Thursday, 30 May 2013

Shadows and Tall Trees 5.

Shadows & Tall Trees 5 is the latest edition of the literary horror journal from Michael Kelly’s Undertow Books.It so happens that it’s the last time it will appear in this particular incarnation, as from here on in, the stories will be published as a yearly trade paperback. That’s a shame in one respect given that the publication will be less frequent but, given that it’s quality – not quantity – that really counts, it’s not that big a hardship as the stories Michael collects are consistently of the highest quality.
Issue 5 which, like issue 3 has glorious cover art from Eric Lacombe, maintains that high standard of quality with aplomb, containing eight wonderful stories and, in a development I’m very happy to see, a non-fiction essay on Charlotte Perkins Gilman’s The Yellow Wallpaper by V.H. Leslie whose Senbazuru was one of the highlights of Issue 4.
The fiction gets off to a cracking start with Gary Fry’s New Wave, a story of startling imagery and dark secrets that perfectly balances reason and logic against supernatural terror to create the right amount of ambiguity in a haunting tale with a killer last line.
Casting Ammonites by Claire Massey is the shortest story in the collection but was another of my favourites, its short length actually a bonus in that I read it and then re-read it pretty much straight away, trying to interpret what this labyrinthine, enigmatic tale was all about. I’m still not sure I have, but therein lies its true pleasure.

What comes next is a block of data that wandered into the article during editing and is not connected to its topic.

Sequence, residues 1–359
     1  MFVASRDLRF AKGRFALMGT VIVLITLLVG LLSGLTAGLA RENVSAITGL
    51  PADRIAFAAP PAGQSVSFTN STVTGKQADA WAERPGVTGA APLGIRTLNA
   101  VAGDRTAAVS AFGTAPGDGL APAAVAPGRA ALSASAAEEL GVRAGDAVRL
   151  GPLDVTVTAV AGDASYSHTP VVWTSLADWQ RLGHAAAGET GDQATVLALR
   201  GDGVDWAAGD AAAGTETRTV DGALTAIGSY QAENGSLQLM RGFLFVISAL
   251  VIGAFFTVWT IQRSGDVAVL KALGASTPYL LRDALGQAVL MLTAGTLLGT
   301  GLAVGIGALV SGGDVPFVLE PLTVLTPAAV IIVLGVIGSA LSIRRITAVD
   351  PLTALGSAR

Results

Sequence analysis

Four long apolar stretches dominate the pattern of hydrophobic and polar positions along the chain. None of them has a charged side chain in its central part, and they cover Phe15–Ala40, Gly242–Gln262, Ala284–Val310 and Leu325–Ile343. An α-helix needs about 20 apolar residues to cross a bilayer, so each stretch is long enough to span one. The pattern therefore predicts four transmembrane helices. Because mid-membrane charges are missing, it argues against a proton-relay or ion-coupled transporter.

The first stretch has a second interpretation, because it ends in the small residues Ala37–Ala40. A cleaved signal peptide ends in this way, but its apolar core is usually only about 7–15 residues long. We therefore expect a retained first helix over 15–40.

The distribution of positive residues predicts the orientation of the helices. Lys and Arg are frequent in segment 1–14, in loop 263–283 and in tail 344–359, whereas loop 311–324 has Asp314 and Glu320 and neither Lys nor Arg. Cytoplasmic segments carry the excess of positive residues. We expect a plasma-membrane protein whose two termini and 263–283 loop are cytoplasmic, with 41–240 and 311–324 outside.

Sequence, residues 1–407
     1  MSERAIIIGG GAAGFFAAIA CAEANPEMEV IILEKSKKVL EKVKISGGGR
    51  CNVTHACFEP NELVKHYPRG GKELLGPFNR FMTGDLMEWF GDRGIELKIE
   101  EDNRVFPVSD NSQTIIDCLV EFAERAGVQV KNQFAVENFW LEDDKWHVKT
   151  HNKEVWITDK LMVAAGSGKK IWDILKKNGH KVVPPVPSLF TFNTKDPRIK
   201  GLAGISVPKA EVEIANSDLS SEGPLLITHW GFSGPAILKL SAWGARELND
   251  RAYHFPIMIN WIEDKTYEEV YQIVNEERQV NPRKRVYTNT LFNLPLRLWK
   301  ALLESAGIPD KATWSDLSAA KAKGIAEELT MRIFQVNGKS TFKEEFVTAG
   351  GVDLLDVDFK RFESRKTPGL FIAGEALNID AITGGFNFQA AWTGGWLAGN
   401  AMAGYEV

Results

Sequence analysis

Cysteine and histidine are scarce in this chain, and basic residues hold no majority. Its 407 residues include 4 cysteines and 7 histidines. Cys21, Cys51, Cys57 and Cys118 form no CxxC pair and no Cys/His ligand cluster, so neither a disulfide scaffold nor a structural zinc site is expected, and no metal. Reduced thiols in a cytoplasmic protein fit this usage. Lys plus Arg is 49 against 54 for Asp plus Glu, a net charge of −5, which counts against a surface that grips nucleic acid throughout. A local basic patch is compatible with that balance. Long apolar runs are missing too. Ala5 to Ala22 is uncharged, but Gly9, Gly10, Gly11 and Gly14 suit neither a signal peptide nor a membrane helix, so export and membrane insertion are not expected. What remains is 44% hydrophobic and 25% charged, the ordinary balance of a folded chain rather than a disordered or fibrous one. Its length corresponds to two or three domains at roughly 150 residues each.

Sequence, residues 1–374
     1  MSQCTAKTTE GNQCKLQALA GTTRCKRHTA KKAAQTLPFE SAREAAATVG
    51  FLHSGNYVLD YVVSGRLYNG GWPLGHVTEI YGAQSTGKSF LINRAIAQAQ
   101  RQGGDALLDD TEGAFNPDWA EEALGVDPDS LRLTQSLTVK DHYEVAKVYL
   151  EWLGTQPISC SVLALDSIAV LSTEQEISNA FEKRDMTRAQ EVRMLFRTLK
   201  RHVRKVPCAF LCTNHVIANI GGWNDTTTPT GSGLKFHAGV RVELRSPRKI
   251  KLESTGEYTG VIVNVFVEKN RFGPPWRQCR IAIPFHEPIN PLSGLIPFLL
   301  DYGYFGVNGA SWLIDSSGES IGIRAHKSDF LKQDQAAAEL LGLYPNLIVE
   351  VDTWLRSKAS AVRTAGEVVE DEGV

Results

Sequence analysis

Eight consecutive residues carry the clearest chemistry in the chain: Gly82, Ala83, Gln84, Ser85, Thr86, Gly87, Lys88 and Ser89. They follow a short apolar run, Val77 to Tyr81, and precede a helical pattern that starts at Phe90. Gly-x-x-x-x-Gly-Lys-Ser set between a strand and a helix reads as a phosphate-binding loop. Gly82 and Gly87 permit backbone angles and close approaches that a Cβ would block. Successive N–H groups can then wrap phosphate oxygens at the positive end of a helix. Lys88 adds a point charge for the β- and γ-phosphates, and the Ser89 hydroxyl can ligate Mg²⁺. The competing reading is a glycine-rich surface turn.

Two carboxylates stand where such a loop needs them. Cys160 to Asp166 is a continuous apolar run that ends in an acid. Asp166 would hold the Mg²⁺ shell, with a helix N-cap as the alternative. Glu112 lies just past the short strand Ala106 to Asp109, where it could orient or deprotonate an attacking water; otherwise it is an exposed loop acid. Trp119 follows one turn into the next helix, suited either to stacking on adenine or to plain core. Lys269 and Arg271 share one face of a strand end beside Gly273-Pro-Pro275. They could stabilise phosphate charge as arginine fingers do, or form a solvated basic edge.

Next up is A Cavern of Redbrick by Richard Gavin which was the highlight of the issue for me for its wonderful writing and the way it subtly, by suggestion and implication, uncovers a dark secret from the past.
The narrative voice in D.P. Watt’s Laudate Dominum was a little too didactic for my taste although a necessary device given the story’s protagonist whilst Moonstruck by Karen Tidbeck provides a heady mix of lunacy – in its most literal sense – and menstrual angst in an (almost) apocalyptic fable.
Ray Cluley has fun with a horror cliché – the hiker wandering into a lonely pub and hearing the locals telling scary stories – and I did too reading Whispers in the Mist, a story that plays with the reader’s expectations right up until the very end.
The Other Boy by Daniel Mills is another beautifully written ghost story where childhood tragedy haunts the present day and Widdershins by Lynda E. Rucker completes the collection with a story that uses another classic horror trope of the newcomer/outsider uncovering dark secrets, doing so in a most effective way.
Michael Kelly has once again demonstrated his unerring skill in selecting stories of the highest quality for Shadows & Tall Trees, stories that stimulate both intellect and emotion. Issue 5 may mark a farewell to the current format but I’m confident that the high standards already achieved will be maintained in the new annual collection. The new volumes are promised to be “bigger and better” – I can’t wait to find out.

You can buy Shadows & Tall Trees  here or, if you prefer, here or even here. 

Monday, 20 May 2013